A planned £18 million Eastside city park in Birmingham is likely to be redesigned and the cost cut by a third, a senior councillor admitted last night.
Neville Summerfield, city council cabinet member for regeneration, said he had ordered officials to find a way of delivering the eight-acre green swathe through the heart of Eastside for £12 million.
The decision follows the council's failure to be short-listed for a £25 million Heritage Lottery Grant - which would have paid for the park and the development of cultural and tourism facilities in Digbeth.
Coun Summerfield (Con Brandwood) said he was certain Birmingham could get a "perfectly decent park" for £12 million, although he admitted all of the funding for the cheaper version is not yet in place.
He said the council was prepared to find £7.9 million toward the total cost.
A further £1 million will come from Section 106 grants - the payments landowners make to the council in return for planning permission.
The £3 million shortfall is likely to be covered by private sector sponsorship, Coun Summerfield said.
He added: "It was very disappointing we were not short-listed in our bid for £25 million from the Heritage Lottery Fund. The competition was very strong.
"We expect that a lot of our partners will be anxious to contribute to the £3 million shortfall. I understand there is the possibility of substantial funding coming from a partner source, although I am not going to announce that today. Things are looking extremely positive."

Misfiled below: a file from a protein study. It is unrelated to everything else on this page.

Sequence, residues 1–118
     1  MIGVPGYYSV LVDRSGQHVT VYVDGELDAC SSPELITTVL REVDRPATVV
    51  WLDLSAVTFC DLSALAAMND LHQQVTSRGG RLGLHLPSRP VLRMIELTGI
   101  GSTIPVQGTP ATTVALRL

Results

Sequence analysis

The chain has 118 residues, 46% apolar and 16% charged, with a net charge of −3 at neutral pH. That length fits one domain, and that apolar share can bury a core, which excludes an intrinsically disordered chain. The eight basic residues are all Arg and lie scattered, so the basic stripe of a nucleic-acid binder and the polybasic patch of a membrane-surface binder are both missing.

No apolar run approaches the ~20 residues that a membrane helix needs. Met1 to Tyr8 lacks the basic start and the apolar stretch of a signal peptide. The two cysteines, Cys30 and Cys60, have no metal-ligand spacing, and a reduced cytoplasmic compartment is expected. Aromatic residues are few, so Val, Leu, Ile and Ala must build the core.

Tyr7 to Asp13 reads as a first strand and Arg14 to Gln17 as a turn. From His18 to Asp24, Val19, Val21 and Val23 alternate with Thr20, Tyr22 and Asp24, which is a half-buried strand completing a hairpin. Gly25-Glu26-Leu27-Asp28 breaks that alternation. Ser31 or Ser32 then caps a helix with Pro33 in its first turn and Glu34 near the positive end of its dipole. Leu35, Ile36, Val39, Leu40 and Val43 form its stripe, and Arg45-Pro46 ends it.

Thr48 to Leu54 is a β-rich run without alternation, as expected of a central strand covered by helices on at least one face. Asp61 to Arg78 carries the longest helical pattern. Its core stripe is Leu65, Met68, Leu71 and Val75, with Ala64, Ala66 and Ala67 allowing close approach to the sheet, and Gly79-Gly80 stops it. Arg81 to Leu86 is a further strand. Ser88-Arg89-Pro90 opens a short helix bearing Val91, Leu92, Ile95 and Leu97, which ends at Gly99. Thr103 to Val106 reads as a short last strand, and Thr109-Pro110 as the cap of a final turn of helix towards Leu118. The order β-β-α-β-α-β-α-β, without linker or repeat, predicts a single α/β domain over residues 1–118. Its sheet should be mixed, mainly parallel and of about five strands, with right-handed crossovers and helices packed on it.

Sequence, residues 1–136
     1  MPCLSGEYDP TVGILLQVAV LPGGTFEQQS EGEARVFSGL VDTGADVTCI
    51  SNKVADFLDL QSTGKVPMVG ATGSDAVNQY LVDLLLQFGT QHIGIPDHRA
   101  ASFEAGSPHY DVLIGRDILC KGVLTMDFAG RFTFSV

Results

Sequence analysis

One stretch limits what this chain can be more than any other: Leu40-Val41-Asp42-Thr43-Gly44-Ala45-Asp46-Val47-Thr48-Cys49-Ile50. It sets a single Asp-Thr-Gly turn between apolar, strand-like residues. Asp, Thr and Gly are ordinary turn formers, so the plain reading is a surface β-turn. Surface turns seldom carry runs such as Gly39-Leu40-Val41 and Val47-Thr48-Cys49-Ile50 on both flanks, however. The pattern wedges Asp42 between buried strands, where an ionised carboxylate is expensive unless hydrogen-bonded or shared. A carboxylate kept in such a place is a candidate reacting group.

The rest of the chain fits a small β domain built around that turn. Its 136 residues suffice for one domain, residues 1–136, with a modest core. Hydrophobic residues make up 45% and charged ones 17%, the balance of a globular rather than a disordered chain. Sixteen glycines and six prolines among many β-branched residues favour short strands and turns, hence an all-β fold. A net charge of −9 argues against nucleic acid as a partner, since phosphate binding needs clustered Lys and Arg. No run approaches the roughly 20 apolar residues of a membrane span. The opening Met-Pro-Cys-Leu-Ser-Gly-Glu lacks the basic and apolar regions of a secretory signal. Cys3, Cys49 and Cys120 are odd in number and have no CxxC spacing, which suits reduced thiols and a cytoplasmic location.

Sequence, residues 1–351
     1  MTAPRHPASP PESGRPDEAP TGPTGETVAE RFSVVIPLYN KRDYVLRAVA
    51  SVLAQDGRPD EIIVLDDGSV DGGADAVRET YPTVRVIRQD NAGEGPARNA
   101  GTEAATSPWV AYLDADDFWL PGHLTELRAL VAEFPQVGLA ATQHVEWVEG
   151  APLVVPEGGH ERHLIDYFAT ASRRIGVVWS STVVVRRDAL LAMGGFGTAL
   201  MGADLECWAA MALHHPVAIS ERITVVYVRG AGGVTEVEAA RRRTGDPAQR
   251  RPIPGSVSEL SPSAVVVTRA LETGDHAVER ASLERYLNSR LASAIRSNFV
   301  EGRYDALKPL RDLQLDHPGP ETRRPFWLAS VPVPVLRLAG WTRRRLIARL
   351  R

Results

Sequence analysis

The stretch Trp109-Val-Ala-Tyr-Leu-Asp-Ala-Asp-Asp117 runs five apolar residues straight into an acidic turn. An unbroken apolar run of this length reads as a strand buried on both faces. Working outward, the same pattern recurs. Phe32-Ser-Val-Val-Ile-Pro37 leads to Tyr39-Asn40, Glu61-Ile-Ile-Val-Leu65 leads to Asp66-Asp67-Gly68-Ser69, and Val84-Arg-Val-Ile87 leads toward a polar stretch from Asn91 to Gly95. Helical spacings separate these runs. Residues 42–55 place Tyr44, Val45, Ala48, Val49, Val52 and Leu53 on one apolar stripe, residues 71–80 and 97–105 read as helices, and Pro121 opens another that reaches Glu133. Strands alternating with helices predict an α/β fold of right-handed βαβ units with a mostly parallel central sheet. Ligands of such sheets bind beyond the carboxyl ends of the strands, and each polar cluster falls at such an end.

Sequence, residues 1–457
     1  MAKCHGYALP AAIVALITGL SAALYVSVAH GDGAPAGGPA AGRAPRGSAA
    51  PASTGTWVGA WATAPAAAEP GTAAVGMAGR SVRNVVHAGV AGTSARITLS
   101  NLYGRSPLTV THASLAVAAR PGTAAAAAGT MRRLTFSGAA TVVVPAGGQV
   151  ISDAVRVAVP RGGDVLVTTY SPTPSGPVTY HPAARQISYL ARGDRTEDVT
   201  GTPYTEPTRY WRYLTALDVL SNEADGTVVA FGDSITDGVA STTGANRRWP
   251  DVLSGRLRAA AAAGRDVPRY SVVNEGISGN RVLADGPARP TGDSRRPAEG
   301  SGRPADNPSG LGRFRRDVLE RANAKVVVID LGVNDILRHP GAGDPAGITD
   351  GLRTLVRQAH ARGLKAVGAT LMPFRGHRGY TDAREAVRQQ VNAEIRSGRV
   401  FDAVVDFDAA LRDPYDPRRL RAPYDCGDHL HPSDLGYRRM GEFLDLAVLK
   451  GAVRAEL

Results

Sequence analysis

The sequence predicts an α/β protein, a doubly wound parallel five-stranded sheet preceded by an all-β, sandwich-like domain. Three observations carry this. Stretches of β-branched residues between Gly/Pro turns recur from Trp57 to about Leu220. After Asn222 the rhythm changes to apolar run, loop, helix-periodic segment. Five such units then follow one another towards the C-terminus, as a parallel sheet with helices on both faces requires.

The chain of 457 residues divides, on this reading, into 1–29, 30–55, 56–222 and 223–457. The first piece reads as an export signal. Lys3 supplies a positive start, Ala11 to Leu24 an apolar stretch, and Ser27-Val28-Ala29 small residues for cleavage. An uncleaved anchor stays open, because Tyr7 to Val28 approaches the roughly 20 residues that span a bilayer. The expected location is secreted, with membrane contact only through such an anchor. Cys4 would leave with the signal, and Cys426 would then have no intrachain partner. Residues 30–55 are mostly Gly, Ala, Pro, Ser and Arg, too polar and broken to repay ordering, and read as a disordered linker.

The decision to cut the cost of the park raises a major question about the future participation of London-based architects Patel Taylor, who were given a brief by the council to design an "iconic" attraction and came up with proposals which the council found would cost £18 million to deliver.
It emerged last month that several Eastside landowners were unhappy about drawings submitted by Patel Taylor, complaining to the council that the proposed layout did not connect well with surrounding buildings.
The firm, which was paid £250,000 to develop proposals, came up with a series of streams, jets and watercourses running the length of the park from Park Street Gardens past Millennium Point to the Digbeth Canal.
Council leaders have promised to complete what would be the first city centre park for more than 100 years by 2010, although funding difficulties may push back the timetable.